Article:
If you're a thrill-seeker and you want to build your own roller coaster, there are many different options to try to create an amazing scream machine.
Why Build a Coaster?
Building a roller coaster can be a fun hobby or it can be the basis of an innovative science fair project. Teachers may use roller coaster projects to demonstrate the physics of roller coasters or to encourage students to investigate structural integrity, schematic design, teamwork, architecture, and drafting. A hobbyist, on the other hand, may enjoy the exquisite detail of a finely crafted coaster model, and accurate scale models can be lucrative items to sell to the ever increasing crowd of coaster fans. Whatever the reasons to build your own roller coaster, however, the process will not be an easy one but it can be as rewarding as riding the most amazing coaster in the world.
Types of Roller Coasters to Build
There are several types of roller coaster models and simulations that eager fans can choose from, including:
- Working Models: These meticulously designed roller coasters actually race through their tracks, and some may include motors to power authentic lift hills and other mechanisms. The KNex roller coaster models are working models, and other toy companies have created similar kits for eager enthusiasts to design their own rides.
- Stationary Models: These detailed models are stunning recreations of famous rides or innovative new designs, but they do not actually move trains through the tracks. These are frequently used as decorative pieces or may be housed in amusement park's historical centers, such as the model of the Blue Streak that can be found in the Town Hall Museum at Cedar Point amusement park. That model, and many others, can be found at RollerCoasterModels.com.
- Online Model Simulations: These fun online games offer visitors the chance to put together track segments, adjust ride properties, and otherwise manipulate the model in order to affect its characteristics. Popular online roller coasters include:
- Homemade Models: These are the classic science fair types of roller coasters, often constructed from popsicle sticks and marbles. Any types of materials can be used to create a reasonable facsimile of a roller coaster and this type of freeform design can be very rewarding and challenging.
- Simulation Games: Another way to build coasters is to play roller coaster games that include park scenarios and coaster building objectives. Roller Coaster Tycoon is one of the most popular simulation games that lets players build coasters, but there are several other titles available with similar game modes.
- Backyard Coasters: These are a dangerous type of real roller coaster to build that should only be attempted by qualified individuals experienced with general construction and the necessary engineering principles to create a safe ride. Some of these coasters use a roof as the highest point before a meager drop, a couple of dips, and a turn or two, while other designs can be more complex if sufficient land is available.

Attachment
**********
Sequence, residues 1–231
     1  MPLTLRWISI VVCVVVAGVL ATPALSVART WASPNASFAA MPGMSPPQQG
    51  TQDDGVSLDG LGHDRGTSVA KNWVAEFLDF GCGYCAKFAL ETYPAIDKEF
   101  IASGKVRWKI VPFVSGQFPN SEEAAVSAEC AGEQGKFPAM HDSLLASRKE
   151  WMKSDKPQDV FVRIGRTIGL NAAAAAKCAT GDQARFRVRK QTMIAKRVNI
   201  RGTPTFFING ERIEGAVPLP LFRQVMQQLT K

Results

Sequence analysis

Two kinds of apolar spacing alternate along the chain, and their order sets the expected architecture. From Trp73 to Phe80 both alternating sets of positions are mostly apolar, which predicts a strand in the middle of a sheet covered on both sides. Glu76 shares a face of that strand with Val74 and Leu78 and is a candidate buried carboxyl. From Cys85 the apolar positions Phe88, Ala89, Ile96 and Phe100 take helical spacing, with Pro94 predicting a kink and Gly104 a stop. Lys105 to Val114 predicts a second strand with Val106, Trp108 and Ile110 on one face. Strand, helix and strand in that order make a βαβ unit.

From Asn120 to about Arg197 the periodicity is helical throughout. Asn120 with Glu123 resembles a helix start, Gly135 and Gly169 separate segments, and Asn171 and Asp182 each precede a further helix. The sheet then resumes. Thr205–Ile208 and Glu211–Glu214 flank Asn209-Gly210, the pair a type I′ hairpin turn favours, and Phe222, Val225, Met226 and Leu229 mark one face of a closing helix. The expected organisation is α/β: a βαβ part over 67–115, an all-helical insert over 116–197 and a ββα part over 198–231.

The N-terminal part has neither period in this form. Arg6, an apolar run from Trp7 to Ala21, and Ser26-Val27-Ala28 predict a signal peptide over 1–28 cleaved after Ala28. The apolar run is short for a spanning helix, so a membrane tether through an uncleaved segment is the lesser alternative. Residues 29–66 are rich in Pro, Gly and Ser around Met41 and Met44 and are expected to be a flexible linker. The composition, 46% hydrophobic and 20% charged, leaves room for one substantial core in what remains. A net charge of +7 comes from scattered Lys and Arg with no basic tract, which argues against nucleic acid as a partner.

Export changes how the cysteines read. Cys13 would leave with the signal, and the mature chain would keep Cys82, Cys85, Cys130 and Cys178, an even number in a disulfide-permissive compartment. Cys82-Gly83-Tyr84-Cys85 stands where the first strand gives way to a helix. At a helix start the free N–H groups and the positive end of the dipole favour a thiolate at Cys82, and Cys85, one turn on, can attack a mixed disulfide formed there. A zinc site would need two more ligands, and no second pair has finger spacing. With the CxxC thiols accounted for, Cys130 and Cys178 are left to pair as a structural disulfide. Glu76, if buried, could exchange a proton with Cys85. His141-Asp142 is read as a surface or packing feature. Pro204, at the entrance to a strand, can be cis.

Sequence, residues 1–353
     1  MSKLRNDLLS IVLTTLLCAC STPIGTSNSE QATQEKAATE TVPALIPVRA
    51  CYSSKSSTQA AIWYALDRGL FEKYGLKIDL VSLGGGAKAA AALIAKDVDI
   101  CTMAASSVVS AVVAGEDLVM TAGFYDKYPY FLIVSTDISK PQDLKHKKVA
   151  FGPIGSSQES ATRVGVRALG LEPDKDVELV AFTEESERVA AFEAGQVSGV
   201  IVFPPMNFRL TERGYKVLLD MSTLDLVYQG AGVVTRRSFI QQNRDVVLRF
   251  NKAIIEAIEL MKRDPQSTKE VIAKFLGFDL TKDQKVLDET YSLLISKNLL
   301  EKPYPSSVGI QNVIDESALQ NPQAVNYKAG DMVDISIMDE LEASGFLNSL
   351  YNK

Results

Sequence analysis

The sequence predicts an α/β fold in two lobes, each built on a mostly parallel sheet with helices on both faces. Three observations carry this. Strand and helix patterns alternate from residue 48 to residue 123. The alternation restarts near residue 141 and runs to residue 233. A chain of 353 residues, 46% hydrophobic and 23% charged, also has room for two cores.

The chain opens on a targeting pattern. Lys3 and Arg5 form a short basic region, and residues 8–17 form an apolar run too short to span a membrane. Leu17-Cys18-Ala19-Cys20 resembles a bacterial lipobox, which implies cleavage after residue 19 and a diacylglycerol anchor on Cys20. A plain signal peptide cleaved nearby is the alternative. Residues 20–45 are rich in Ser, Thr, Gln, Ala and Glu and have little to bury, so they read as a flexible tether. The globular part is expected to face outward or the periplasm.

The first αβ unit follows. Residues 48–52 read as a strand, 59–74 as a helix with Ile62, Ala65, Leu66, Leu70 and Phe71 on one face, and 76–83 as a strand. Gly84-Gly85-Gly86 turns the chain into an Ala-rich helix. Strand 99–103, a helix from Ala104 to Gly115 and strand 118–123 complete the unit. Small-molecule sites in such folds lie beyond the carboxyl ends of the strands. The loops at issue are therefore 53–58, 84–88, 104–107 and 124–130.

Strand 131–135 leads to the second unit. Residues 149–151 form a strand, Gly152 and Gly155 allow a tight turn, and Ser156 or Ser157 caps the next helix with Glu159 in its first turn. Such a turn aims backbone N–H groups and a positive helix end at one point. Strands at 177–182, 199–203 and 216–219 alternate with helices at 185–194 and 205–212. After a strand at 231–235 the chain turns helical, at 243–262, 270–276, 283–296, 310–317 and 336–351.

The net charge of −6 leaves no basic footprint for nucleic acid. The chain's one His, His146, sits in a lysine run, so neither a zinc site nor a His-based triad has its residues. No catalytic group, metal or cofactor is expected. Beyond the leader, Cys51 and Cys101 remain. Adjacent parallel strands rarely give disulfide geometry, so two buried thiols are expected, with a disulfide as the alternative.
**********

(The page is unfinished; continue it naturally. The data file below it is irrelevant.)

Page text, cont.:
Tips to Build Your Own Roller Coaster
Once you've decided on the type of roller coaster to build, the most important thing to remember is to be patient. A roller coaster is an incredibly complex machine and much trial and error may be required before a working, safe coaster is designed.
If building electronic coasters:
- Feel free to experiment with outrageous designs, since material cost is not a consideration.
- Save designs frequently or take notes on successful coasters in order to recreate them when desired.
- Work with different simulation models to learn about different types of coasters and how different construction factors affect their performance.
If building working models:
- Choose construction materials that will be easy to work with - toothpicks, balsa wood, pipes, clay, popsicle sticks, foil, and even pasta are popular options.
- Anchor the base of the model firmly to provide sufficient support as the coaster operates.
- Start with simple designs to learn key concepts before attempting more intricate models.
- Connect model kits together for more elaborate designs.
- Keep small parts and tools away from young children, and keep partially constructed models out of reach of eager hands and pets.
- Keep the coaster's track as smooth as possible for greater success.
- Test the track frequently as small sections are added to ensure success when the track is fully assembled.
When you build your own roller coaster, you control the level of thrill you achieve - whether it's from mastering an online coaster simulation or creating an intricate and realistic model of your favorite ride. No matter what the end result, however, it will be a fun ride to get there..